This is the 42nd story of the Mental Illness Recovery Series. Anonymous battle to recovery hasn’t finished, but thankfully she has surrounded herself with helpful people. This is her story:
Anonymous is from a small conservative town east of LA in California. Reading has always been a pleasure of hers. She is fond of The Bell Jar and Lolita. Anonymous listens to pretty much any type of music. Most of her favorite movies are cult classics. About three years ago she took up wing and blues dancing. For the majority of her life she has planned on attending veterinary school, however lately she has been reconsidering.
Anonymous was diagnosed on April of 2014 with depression after being hospitalized for psychiatric reasons. She has been in and out of outpatient therapy since early 2013. She had to deal with horrible symptoms, anonymous said, “My depression mainly manifests as a lack of energy and motivation. When it worsens, it affects my concentration, focus, and causes me to isolate.” This has affected her daily life in various ways. She said, “It makes it difficult for me to maintain responsibilities such as school or work. I often stay in bed, sleep for ten or more hours, and skip meals. I am victim to most cognitive distortions, most notably perfectionism, all-or-nothing thinking, future-tripping, and constantly comparing myself to others.”
She has been suicidal since she was 14 years old and attempted it on September of 2014 by overdose. Thankfully she has never struggled with self-harm. Not only that, but this has affected her relationships with others because anonymous feels ashamed socializing for isolating herself. This makes her feel utterly trapped. She said, “My depression has interfered with my college coursework three times in the past two years and I have virtually no idea when or how I am going to graduate. In addition, I do not foresee myself ever fully recovering from my illness, which gives me a bleak outlook on the rest of my life.”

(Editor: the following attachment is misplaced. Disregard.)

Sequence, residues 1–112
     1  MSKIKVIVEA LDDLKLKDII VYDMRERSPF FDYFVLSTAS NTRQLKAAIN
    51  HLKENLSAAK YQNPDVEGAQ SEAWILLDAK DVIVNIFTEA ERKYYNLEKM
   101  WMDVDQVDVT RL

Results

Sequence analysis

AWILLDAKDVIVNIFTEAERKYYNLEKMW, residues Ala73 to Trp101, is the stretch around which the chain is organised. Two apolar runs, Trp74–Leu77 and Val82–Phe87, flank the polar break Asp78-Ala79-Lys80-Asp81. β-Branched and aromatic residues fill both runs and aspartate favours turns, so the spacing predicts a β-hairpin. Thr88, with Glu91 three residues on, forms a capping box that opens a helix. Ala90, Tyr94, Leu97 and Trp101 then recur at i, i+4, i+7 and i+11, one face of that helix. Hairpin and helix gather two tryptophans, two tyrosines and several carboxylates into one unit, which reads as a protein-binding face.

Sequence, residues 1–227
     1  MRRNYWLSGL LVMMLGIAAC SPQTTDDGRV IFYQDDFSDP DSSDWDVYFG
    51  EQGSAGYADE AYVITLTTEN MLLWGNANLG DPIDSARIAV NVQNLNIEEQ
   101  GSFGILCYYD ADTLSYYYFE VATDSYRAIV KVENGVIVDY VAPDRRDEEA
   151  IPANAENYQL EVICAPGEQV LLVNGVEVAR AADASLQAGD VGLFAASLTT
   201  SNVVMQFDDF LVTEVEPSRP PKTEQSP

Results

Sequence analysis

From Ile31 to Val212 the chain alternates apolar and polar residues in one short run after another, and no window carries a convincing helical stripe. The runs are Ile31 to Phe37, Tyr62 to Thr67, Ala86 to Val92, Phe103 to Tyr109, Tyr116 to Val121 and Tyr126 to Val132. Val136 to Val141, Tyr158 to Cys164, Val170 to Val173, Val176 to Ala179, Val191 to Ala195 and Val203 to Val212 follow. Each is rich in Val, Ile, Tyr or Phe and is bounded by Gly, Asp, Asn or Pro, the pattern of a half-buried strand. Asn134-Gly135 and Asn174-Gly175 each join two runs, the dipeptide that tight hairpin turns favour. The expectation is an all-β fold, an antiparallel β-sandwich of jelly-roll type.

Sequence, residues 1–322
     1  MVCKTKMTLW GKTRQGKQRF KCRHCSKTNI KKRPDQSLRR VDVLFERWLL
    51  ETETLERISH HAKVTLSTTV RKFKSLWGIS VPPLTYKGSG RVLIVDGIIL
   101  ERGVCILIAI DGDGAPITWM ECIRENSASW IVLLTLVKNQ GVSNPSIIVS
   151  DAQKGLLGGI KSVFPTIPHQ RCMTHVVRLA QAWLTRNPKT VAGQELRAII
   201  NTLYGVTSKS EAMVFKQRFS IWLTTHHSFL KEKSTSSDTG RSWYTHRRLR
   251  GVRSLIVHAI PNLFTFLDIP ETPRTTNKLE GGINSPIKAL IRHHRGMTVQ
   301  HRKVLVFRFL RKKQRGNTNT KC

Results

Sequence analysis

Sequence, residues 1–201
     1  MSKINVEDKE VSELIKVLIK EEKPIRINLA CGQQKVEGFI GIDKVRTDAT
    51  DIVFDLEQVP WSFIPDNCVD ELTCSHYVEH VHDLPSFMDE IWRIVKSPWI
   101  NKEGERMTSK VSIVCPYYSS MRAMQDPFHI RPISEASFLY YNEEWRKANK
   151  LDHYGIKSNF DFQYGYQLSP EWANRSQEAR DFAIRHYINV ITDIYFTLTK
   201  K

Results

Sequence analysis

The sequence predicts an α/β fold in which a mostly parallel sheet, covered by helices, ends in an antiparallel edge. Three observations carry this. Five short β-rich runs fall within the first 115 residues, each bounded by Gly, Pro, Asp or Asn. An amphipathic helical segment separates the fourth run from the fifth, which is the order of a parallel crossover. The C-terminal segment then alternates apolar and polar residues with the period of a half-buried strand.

The turning point for anonymous to help control her mental disorder was to use cognitive behavioral therapy (CBT), Dialectical behavior therapy (DBT), journaling, mindfulness and keeping track of her mood. She said, “I theoretically know exactly how to be mentally healthy, but it can be very difficult to implement the techniques.” Anonymous has surrounded herself with supportive people, her psychiatrist, mother, boyfriend and good friends.
The lesson she has learned from this ordeal is that she spends too much time thinking about the past and the future. Her outlook in life has changed, anonymous said, “When I was younger I assumed that as long as I did everything I was told to, graduate from college and get good grades, go to vet school, get a satisfying job, that life would be fine. Now I am much less focused on completing the young adult checklist.”
This is her advice for others struggling with similar situations:
“I’d just like to say that it’s okay to still be struggling. Other people may experience some of the things you do but everyone’s struggle is different, and no one can know yours except you. Whether it takes five months or five years, I remind myself every day that it is worth it to keep trying.”
Anonymous would also like to share:
“There are so many things I want to share about mental illness, but for brevity I will just mention two:
1) Love, protect, and do not ever judge survivors of suicide attempts. When the brain goes to that dark place it isn’t functioning in a way you can predict. My mom is fully committed to helping and supporting me, but even she sometimes uses language that makes me uncomfortable, whether we’re discussing me or others who struggle similarly.
2) Educate yourself and others about bipolar disorder. I love how much awareness is spreading about major depression, but I find that bipolar disorder is still grossly misunderstood, and those who suffer from it are among the most likely to commit suicide.
With her positive attitude, slowly but surely she will feel better. Help me make a difference by sharing your story.